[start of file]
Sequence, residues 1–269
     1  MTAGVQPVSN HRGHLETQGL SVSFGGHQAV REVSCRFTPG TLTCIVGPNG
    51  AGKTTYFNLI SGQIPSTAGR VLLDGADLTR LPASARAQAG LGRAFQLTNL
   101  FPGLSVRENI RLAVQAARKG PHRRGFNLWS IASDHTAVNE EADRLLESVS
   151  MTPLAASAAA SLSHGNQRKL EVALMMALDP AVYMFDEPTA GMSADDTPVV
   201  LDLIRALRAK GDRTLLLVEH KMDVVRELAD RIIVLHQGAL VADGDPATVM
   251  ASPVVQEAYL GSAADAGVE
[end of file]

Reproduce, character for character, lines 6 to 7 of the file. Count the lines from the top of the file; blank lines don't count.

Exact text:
   201  LDLIRALRAK GDRTLLLVEH KMDVVRELAD RIIVLHQGAL VADGDPATVM
   251  ASPVVQEAYL GSAADAGVE